The Joan Crawford House: Or should I say museum? Someone wanted me to meet this guy—I can’t remember his name anymore—who had been Joan Crawford’s publicist before she died. She/my friend thought maybe he could help me raise some money—like I said, always looking for money. I wish we had Go Fund Me back then… Anyway, we go to this guy’s house, a nice, Spanish style house in Bev Hills (my favorite architecture by the way), though not nearly as big as the bondage house, and you walk in the door—no, no bondage gear this time—but the house was totally decked out in everything Crawford. He had several of her dresses displayed, every little thing she’d ever touched it seemed like, cigarette lighters and shoes. It was a total museum and homage to Joan Crawford. If her ghost wasn’t haunting that place I don’t know where it would be. And no, he didn’t end up investing either.

There were also other pleasant experiences like a trip to New Orleans and other places for research and other things. And then the Top Secret things that I’m not ready to talk about. But good, bad and indifferent, we all make sacrifices for our writing. What are some of yours?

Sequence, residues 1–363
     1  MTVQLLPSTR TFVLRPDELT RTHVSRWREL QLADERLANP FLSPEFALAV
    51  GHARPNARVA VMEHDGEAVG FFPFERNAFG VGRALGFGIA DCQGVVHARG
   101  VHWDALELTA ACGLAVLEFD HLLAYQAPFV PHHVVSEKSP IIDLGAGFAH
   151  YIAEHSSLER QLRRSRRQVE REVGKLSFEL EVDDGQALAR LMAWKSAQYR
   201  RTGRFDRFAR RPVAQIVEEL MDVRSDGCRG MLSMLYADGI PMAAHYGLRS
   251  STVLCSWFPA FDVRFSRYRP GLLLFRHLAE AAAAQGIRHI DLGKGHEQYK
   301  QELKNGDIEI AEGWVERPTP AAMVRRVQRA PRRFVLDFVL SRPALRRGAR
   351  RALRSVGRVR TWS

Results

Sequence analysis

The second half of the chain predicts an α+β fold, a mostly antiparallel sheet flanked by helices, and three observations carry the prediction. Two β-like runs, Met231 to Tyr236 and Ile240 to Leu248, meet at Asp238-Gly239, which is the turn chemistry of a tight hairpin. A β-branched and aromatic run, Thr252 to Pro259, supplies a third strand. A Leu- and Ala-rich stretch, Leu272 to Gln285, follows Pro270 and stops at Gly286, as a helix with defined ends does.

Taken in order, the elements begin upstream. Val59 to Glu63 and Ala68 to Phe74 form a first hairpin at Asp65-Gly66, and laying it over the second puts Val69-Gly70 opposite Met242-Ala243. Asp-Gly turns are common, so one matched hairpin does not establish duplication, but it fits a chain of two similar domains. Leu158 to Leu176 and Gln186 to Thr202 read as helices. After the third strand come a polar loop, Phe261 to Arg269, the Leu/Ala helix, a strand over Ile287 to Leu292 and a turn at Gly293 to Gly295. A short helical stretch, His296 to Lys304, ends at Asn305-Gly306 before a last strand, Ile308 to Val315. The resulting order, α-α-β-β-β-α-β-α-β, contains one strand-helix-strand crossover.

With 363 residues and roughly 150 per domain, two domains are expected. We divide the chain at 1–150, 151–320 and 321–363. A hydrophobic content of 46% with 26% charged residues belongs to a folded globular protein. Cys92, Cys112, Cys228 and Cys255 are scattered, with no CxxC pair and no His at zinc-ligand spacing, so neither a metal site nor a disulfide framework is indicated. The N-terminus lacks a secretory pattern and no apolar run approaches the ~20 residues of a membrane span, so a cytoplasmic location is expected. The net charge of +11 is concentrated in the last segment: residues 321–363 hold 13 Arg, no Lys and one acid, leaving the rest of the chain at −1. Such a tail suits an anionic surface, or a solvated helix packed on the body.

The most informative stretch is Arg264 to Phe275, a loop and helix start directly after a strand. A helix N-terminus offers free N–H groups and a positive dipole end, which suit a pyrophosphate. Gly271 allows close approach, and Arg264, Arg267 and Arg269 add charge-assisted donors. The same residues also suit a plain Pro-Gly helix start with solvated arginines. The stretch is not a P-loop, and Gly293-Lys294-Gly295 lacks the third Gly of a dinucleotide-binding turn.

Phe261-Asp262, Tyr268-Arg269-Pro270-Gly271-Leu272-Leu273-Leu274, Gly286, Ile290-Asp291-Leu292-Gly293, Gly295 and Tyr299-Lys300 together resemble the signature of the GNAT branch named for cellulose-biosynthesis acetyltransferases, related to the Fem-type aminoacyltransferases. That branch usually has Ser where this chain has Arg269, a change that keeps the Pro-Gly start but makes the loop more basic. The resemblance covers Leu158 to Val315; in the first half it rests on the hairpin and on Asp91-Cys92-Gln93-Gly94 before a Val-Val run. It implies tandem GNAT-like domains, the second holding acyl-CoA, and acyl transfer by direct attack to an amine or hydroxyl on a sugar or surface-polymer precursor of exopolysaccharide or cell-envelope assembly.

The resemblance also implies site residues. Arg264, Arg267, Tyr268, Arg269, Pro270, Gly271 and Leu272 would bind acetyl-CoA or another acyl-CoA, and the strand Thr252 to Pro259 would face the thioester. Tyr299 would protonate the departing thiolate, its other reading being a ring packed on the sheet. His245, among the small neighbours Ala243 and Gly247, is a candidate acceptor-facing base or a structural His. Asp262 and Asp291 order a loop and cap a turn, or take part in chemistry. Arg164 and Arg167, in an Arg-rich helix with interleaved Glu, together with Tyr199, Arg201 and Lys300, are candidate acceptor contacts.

***
Broken Windows – Sequel to my #Shamus-winning White Heat drops 9/10/18. A labyrinth of murder, intrigue and corruption of church and state that hovers around the immigration debate. #writers #mystery #amreading #thriller #novels  



Available for pre-order now on Amazon.



Please join me on Facebook: www.facebook.com/paul.d.marks and check out my website www.PaulDMarks.com

30 July 2018

A Tiny Little Foot

We have a special treat today. Jim Thomsen, a newspaper reporter and editor for more than twenty years, has been an independent editor of book manuscripts since 2010. His short crime fiction has been published in West Coast Crime Wave, Shotgun Honey, Pulp Modern and Switchblade. He is based in his hometown of Bainbridge Island, Washington. Learn more about him at jimthomsencreative.com  

I should point out that this piece is about true crime and includes language and deeds you would not find in, say, a cozy novel. - Robert Lopresti

A TINY LITTLE FOOT

by Jim Thomsen